Children, architects and Lego combined in a three-stage event in Perth exploring the ephemeral, intuitive nature of building in Lego.
The Fremantle Architects Christmas Party has been an annual event for the past twenty years. Legend has it that it was initiated by a small group of established local architects who would meet regularly at a local watering hole. The creative hub of Fremantle and the number of architects that it supports have grown significantly since those early days, but the Christmas party still provides a vehicle to unite all in celebration.
Last year, Kerry Hill Architects hosted the party, the focus of which was 60,000 pieces of white Lego. Inspiration was drawn from Icelandic/Danish artist Olafur Eliasson’s The Cubic Structural Evolution Project 2004, an interactive installation using white Lego. Eliasson describes his installations as “constructions”, thus creating an association with the creation of environments, not with architecture. Yet many architects have fond childhood memories of Lego, so it was an intuitive decision to bring them together again.
A monochromatic white palette emphasizes composition of form, scale and chiaroscuro and the constructions erected by the architects during a four-hour period were a testimony to this principle. It was liberating to see that some architects experimented with assembling the Lego just as one would experiment with any building material. A strength of our profession is to seek innovation, by questioning and challenging established conventions and traditions and by employing simple materials to create something extraordinary. All of this was apparent from the collection of constructions that emerged from the evening and the inevitable dominance of tower constructions.
In preparation for the event, 200 primary school children were involved in a one-day exercise to assemble the loose pieces. In an open covered area, the children were questioned on what the built environment meant to them and shown a series of “architectural” projects that were beyond the ordinary and abstractly inspired by nature. Over half-hour periods the children created elements that were then added to a one-by-two-metre rectangle drawn on the ground: the boundaries of a city. The four-to-six-year-old group provided the most interesting and non-conventional built forms, while the tendency for tower constructions prevailed in the older age groups. The oldest age group was challenged with exploring non-traditional Lego construction techniques. The exercise with the children was dynamic, and the ephemeral nature of the Lego was realized when towering assemblages collapsed, reducing a major portion of the city to rubble. Components of the towers survived, allowing them to be re-erected within moments. These particular components were reused by the architects and then the public.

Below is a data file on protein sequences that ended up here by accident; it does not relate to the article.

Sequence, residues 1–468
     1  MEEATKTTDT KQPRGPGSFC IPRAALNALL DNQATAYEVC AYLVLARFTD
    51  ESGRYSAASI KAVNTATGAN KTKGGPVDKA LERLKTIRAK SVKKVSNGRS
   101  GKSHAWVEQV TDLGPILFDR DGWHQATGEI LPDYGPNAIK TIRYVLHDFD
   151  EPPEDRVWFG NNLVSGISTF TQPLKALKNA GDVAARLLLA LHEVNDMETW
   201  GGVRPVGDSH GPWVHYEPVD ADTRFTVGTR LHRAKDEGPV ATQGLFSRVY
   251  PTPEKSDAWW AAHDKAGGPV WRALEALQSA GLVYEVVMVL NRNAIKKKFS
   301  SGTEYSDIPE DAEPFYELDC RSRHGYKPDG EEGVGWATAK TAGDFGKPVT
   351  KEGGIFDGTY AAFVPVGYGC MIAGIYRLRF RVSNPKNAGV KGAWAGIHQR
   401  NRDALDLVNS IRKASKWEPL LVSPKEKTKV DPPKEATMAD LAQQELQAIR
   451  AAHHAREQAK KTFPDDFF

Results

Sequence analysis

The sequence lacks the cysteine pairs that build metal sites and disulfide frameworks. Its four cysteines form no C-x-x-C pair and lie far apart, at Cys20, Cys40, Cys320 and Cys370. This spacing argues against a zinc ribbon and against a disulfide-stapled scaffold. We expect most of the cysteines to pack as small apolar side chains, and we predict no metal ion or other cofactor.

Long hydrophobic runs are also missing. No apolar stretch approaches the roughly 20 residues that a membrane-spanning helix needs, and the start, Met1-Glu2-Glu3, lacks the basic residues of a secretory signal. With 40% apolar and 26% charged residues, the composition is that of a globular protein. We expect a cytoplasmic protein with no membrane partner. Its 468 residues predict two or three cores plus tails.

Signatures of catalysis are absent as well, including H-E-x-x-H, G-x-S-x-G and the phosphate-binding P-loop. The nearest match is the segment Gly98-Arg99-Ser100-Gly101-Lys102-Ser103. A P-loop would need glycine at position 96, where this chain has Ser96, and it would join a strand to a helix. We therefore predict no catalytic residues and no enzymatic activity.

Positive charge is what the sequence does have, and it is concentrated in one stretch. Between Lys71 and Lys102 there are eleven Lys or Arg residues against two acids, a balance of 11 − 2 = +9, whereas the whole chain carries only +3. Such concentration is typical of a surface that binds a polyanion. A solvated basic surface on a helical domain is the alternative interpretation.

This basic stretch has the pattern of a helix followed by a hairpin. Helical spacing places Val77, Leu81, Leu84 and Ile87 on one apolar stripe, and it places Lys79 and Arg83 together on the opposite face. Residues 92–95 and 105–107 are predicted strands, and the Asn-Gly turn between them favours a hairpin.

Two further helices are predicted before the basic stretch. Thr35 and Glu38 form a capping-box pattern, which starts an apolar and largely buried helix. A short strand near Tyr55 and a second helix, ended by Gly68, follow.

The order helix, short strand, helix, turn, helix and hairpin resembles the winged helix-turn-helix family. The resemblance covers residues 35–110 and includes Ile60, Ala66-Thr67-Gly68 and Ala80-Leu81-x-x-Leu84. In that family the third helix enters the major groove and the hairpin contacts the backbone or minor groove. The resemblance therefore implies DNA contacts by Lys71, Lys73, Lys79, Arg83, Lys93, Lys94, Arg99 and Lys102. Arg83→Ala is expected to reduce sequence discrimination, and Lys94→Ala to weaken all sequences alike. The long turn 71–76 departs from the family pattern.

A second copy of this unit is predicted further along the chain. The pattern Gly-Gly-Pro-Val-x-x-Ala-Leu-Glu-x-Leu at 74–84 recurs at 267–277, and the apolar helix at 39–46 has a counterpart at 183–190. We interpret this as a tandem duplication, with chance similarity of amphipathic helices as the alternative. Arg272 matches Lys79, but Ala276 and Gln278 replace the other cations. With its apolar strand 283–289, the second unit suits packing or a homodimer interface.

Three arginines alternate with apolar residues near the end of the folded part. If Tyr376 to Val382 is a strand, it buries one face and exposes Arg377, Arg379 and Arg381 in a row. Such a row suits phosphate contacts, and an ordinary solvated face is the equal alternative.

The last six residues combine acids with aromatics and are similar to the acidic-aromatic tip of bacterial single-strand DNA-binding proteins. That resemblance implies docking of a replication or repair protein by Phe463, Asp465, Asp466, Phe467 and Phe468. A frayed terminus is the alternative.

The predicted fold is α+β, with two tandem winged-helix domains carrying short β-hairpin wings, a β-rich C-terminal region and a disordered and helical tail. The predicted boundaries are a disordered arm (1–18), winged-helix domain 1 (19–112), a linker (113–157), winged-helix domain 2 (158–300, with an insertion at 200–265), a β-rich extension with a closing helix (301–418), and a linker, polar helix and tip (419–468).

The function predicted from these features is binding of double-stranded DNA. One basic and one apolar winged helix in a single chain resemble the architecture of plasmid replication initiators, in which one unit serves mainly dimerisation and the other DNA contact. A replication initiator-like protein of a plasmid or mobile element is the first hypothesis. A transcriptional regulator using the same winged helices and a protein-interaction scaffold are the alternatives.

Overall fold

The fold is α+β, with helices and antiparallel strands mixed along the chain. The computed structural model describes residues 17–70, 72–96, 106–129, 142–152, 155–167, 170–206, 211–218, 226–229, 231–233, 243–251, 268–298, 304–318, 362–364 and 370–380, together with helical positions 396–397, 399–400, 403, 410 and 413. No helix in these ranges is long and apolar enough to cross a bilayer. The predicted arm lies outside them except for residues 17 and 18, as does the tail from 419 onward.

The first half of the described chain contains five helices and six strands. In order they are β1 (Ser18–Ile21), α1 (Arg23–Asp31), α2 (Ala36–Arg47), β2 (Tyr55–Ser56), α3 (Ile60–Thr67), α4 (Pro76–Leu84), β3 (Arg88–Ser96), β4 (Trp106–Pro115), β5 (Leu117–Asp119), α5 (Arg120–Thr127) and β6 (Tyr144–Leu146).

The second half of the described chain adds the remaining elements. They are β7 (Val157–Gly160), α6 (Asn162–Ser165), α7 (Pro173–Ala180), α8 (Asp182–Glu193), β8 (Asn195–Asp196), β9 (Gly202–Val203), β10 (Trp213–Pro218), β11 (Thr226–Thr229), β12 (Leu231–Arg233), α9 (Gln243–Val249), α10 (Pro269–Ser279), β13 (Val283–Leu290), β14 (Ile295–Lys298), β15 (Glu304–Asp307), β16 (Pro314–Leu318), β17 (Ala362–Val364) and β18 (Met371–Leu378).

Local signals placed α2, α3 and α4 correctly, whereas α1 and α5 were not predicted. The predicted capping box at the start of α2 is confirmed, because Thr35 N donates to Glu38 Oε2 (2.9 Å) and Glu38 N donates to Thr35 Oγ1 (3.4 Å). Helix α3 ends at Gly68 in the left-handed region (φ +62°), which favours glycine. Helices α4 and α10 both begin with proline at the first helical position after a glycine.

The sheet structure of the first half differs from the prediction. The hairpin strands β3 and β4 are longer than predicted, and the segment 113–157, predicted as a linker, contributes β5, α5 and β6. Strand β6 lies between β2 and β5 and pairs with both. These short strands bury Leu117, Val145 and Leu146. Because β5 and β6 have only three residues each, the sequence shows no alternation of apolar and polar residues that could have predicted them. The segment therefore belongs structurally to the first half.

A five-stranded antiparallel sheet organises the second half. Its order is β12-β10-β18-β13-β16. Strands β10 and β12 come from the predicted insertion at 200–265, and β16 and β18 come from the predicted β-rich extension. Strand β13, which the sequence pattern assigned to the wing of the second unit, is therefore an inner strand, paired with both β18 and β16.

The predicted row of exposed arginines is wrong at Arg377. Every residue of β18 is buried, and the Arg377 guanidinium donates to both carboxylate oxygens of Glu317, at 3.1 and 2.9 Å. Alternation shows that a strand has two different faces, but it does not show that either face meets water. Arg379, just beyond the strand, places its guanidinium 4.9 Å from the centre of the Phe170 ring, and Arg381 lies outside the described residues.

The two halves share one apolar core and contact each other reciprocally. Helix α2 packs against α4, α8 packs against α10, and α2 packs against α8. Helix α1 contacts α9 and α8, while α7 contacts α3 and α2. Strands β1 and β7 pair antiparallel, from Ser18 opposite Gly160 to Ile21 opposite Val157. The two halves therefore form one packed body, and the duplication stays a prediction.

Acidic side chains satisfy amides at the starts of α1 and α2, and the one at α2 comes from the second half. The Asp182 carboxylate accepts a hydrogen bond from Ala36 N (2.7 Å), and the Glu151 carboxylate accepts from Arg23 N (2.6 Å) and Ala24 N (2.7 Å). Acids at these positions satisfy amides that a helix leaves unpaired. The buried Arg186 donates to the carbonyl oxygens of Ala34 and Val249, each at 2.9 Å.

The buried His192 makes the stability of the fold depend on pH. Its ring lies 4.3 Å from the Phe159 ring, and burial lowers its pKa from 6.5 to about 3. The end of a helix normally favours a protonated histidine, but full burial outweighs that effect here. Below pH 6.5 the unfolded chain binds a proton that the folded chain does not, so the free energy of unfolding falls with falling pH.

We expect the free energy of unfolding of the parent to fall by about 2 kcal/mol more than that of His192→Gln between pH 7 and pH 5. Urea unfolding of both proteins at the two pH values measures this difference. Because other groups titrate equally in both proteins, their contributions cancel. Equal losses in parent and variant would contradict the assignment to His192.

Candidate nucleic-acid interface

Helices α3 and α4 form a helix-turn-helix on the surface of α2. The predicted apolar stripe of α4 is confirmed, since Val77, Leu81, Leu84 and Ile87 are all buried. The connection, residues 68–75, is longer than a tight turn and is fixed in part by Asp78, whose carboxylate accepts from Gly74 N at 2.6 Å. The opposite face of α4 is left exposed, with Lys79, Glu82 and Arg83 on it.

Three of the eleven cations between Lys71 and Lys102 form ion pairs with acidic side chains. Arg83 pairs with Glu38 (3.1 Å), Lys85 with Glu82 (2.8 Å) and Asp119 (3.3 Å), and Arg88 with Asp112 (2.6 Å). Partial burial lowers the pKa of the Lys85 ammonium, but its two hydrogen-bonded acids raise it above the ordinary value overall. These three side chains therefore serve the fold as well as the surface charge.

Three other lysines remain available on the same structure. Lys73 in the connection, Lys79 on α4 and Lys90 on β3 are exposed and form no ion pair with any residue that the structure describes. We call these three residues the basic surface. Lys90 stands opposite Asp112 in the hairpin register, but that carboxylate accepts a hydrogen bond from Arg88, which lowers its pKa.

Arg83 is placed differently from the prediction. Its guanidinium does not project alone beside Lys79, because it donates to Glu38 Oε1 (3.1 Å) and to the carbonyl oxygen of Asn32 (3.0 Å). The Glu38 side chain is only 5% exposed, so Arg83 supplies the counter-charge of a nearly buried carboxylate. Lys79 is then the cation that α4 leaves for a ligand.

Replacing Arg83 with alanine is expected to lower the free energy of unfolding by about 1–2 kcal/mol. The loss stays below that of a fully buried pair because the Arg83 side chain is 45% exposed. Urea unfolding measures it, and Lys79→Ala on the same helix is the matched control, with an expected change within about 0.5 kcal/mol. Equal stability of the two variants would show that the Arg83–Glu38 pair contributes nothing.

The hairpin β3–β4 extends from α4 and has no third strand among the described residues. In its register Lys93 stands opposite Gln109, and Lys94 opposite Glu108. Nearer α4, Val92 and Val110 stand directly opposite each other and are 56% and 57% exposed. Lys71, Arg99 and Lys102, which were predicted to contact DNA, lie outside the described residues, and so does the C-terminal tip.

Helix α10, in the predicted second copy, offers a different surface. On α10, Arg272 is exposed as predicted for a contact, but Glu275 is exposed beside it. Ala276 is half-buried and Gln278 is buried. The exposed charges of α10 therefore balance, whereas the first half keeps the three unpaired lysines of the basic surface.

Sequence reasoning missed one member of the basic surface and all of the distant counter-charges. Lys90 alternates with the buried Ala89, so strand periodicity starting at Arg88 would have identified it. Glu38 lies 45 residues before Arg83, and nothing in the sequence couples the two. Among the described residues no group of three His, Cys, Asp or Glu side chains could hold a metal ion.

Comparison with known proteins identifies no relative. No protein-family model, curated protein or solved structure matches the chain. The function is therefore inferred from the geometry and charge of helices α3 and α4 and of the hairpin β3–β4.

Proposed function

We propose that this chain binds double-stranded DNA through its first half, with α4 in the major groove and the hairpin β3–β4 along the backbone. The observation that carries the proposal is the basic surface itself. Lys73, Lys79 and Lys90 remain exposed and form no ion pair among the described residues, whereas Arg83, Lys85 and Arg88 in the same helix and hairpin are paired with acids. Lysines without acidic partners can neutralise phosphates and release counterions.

After both events, the Lego structures were disassembled into components and transported to their next destination. At the State Art Gallery of Western Australia they formed the basis of an interactive public installation for eight days. To provide inspiration and move away from predictable towers, there was an attempt to provide “constructions” that did not employ conventional horizontal/vertical stacking techniques.
Visiting the art gallery on three subsequent occasions, it was wonderful to see that the installation was popular and a hive of activity. It was encouraging to observe the interaction between parent and child and their complete immersion in assembling bricks. Over 2,000 children participated in the event, which ran in two-hour slots over the eight-day period. The constraint of 60,000 bricks facilitated a continually changing landscape of constructions.
Lego constructions are ephemeral and their assemblage is intuitive and playful. Lego remains and will continue to be a great leveller that unites people in play, thus reinforcing the fundamental philosophy of development through play.
Suzanne Bosanquet is an architect with Kerry Hill Architects. She was the organizer of the Lego event.